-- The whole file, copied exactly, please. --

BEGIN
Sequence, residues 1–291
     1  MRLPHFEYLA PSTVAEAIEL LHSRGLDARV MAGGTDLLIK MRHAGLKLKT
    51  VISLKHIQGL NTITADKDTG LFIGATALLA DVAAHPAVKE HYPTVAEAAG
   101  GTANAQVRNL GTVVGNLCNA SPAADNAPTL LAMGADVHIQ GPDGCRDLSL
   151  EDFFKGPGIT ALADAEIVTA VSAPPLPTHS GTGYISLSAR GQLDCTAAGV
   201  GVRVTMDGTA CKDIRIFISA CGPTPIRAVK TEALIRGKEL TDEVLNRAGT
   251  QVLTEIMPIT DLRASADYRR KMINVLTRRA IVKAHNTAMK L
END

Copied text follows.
Sequence, residues 1–291
     1  MRLPHFEYLA PSTVAEAIEL LHSRGLDARV MAGGTDLLIK MRHAGLKLKT
    51  VISLKHIQGL NTITADKDTG LFIGATALLA DVAAHPAVKE HYPTVAEAAG
   101  GTANAQVRNL GTVVGNLCNA SPAADNAPTL LAMGADVHIQ GPDGCRDLSL
   151  EDFFKGPGIT ALADAEIVTA VSAPPLPTHS GTGYISLSAR GQLDCTAAGV
   201  GVRVTMDGTA CKDIRIFISA CGPTPIRAVK TEALIRGKEL TDEVLNRAGT
   251  QVLTEIMPIT DLRASADYRR KMINVLTRRA IVKAHNTAMK L